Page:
Typical croup usually affects children between 6 months and 3 years of age. Symptoms are short-lived, usually lasting 3 to 7 days. In Canada, croup season peaks over the fall and winter   . Prolonged duration of croup symptoms associated with fever may be seen with secondary bacterial infection . Toxic appearance, drooling and dysphagia are important red flags suggestive of more serious conditions Table 1.
Clinical scores used in research studies have not been shown to improve clinical care  . Most clinicians characterize respiratory distress as mild, moderate, severe or impending respiratory failure. Using this classification, an algorithm for the outpatient management of croup in children was developed through expert consensus .
Children presenting with severe distress or impending respiratory failure should be referred to paediatric intensive care or to anaesthesia for advanced care when clinical response to initial treatment is poor or not sustained.
Overall, the recommended treatment for croup involves the following measures Figure 1. Children should be made comfortable and health care providers must take special care not to frighten them during assessment and treatment.
There is no evidence to support the treatment of croup with the use of humidified air . Mist tents separate children from their caregivers, can disperse fungus and therefore are not recommended . The use of antipyretics is beneficial for reducing fever and discomfort. The clinical benefit of corticosteroids in croup is well established   -  and should be considered for treating all children presenting with croup and symptoms ranging from mild to severe.
Improvement generally begins within 2 to 3 hours after a single oral dose of dexamethasone and persists for 24 to 48 hours   . Two studies compared oral dexamethasone with oral prednisolone. In one study, dexamethasone was found to be superior, and in the other, both therapies were equally effective .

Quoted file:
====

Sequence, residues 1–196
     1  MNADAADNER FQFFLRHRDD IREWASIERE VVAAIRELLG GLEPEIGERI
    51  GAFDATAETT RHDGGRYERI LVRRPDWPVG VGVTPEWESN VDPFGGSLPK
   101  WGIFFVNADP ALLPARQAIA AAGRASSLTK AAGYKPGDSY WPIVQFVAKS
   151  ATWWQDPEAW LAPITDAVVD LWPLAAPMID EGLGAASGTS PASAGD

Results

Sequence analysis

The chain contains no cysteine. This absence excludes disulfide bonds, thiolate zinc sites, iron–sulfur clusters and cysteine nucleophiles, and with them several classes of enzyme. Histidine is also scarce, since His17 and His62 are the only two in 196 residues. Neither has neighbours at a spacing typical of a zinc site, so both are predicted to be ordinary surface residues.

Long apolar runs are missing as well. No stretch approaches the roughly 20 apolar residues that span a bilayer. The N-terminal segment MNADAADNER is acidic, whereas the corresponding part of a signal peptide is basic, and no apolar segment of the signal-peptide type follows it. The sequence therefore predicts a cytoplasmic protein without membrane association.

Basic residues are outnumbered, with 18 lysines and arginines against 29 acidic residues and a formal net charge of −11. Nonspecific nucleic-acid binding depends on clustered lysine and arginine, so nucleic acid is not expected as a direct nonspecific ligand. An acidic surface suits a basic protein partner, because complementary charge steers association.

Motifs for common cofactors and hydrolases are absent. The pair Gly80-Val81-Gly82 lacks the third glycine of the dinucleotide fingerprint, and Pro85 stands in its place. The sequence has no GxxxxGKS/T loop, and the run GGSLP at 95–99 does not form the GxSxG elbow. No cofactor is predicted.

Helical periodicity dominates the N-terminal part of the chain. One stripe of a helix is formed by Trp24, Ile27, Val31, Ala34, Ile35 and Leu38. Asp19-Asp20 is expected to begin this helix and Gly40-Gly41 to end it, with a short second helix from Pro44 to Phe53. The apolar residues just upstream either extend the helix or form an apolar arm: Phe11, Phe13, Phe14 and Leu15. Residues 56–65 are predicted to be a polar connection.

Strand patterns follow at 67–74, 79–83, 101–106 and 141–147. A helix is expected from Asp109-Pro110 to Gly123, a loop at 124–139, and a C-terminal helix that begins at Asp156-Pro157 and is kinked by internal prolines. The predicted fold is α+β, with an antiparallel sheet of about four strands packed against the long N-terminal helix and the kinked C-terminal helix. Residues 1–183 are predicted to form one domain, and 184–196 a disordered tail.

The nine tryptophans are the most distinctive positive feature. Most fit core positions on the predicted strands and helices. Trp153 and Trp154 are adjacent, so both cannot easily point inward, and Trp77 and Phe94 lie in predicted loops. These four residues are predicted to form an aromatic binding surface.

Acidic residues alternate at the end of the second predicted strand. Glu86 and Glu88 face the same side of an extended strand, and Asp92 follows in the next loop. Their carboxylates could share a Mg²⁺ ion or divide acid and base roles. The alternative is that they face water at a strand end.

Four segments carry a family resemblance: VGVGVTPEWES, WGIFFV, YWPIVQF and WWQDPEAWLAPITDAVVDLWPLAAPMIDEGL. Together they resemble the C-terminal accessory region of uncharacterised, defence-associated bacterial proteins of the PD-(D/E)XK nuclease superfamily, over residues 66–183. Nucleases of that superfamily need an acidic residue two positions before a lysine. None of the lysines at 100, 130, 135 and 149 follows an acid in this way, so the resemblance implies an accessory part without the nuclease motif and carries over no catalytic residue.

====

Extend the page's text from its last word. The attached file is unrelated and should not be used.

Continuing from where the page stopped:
Administering corticosteroids by the oral or intramuscular route is as efficacious or superior to the nebulized form of medication  . Adding inhaled budesonide to oral dexamethasone was not found to provide extra benefit in children admitted with croup . From a practical perspective, oral dexamethasone is less associated with vomiting .
The oral route is preferred. When the child with croup has persistent vomiting or significant respiratory distress, administering corticosteroids by the intramuscular route may be indicated . The dexamethasone dose used in most clinical trials is 0. It is unclear from studies using doses of 0.
One meta-analysis of six studies suggested that a higher dose could be more beneficial in children with severe disease . Overall, children treated with corticosteroids have fewer return visits or admissions to the hospital. Fully one-half of children with mild croup treated with corticosteroids are unlikely to need further medical care for ongoing symptoms.
Their sleep is improved and their parents report less stress . In children with moderate to severe croup treated with corticosteroids, there was a reported average reduction of 12 hours in length of stay in the ED or hospital.